To Seek Financial Independence or Retirement: That is the Question?
As life expectancy increases, and pensions decrease, there comes a time when you might start to question what your retirement is going to look like. Today the average man turning 65 will live to be 84.3 years old. Of those numbers 25% will live past the age of 90 and 10% will live past 95. For women the news is even better with the average age being 86.6, according to social security administration calculators¹.
This means if you work from 25 to 65 you have 40 years to save. These savings must pay for an average of 20 years in retirement. If you have good genes it could be closer to 30 years. One of the central questions is, what will you do with your time for 20 to 30 years when you are officially “retired?” For many retirees the idea of lounging on the beach or playing golf every day sounds more boring than blissful. As a result more and more people who reach retirement age are continuing to work, whether they have the financial means for a traditional retirement or not.
These factors are changing the look of retirement. Instead of the ultimate destination being to work at an unfulfilling job for 20 plus years and then “retiring” and doing the things you love, many are now seeing life as a journey. This journey should be fulfilling along the way, not just after retirement. These changes in thinking are leading to a new way of seeing retirement and financial independence.
In 1935 Social Security was established in the US and set the retirement age for workers at 65. The life expectancy at the time social security was enacted was 60 years old for those born in 1935. Based on life expectancy figures the average worker would receive a social security benefit for 12 years².
One of the features that promoted traditional retirement was workers who stayed with the same employer for most of their working career. Then at age 65 they were able to collect the company pension along with social security. If they managed their resources well they could have a comfortable retirement without ever having to worry about running out of money.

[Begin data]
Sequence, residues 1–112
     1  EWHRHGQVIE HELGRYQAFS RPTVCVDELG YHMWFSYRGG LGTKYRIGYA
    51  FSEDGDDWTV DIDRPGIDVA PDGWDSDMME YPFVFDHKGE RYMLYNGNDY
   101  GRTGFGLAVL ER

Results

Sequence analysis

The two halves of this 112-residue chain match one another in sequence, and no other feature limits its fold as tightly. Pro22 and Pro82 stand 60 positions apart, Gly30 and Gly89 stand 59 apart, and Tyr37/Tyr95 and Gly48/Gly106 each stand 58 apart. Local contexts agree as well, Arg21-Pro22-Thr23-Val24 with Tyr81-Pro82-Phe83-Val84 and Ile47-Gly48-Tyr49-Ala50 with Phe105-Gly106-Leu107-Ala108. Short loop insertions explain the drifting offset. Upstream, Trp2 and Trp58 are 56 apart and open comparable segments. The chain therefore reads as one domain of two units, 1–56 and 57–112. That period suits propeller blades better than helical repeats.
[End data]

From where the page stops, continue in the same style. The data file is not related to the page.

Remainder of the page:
Today, this is no longer the reality. Workers today only stay on their jobs an average of 4.6 years according to the Bureau of Labor Statistics³. This shorter career path has a significant impact on the ability to save for a long term retirement that is 30 or 40 years away. Shorter employment has the consequences of less stability, more part time job stints and periods of unemployment where savings must be used to pay bills. This new reality also makes it more difficult to buy a home, start a family and do other traditional things that lead to stability.
As pensions decrease, and even social security and Medicare have become questionable safety nets, Millennials must fend their way through their career with different expectations.
By definition, financial independence, according to Wikipedia, is having enough financial means to cover basic needs without actively working⁴. In the past, the goal has been to become financially independent by the time you reach retirement age. Today, becoming financially independent can happen at any age but means finding passive income beyond traditional pensions and social security.
For young investors it means thinking in terms of monthly income, rather than a set cash lump sum that must be accumulated over your working life. It is much easier to get your head around earning $3,000 or $4,000 a month, than it is to save up a million dollars in savings to fund a retirement of an uncertain length of time.
Gaining financial independence can be accomplished at any age and is very personal when it comes to creating an effective strategy. It must be flexible enough to account for real life events but effective enough to produce an ongoing income not too far into the future. If you live frugally and invest consistently you can create a residual income each month that will develop a higher level of security than traditional employment.
To learn more about establishing a plan for your financial independence contact the specialists at Sherman Wealth Management at 240-428-1622. They can assist you with putting a plan into action.